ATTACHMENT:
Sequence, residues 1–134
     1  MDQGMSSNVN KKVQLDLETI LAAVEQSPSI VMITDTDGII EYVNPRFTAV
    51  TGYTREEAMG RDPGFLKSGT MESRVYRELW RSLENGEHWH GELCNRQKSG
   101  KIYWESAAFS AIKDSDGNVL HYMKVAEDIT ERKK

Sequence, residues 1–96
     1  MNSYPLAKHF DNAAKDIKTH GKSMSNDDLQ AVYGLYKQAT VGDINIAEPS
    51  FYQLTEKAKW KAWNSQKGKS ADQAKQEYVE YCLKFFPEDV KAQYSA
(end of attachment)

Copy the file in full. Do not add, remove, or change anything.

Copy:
Sequence, residues 1–134
     1  MDQGMSSNVN KKVQLDLETI LAAVEQSPSI VMITDTDGII EYVNPRFTAV
    51  TGYTREEAMG RDPGFLKSGT MESRVYRELW RSLENGEHWH GELCNRQKSG
   101  KIYWESAAFS AIKDSDGNVL HYMKVAEDIT ERKK

Sequence, residues 1–96
     1  MNSYPLAKHF DNAAKDIKTH GKSMSNDDLQ AVYGLYKQAT VGDINIAEPS
    51  FYQLTEKAKW KAWNSQKGKS ADQAKQEYVE YCLKFFPEDV KAQYSA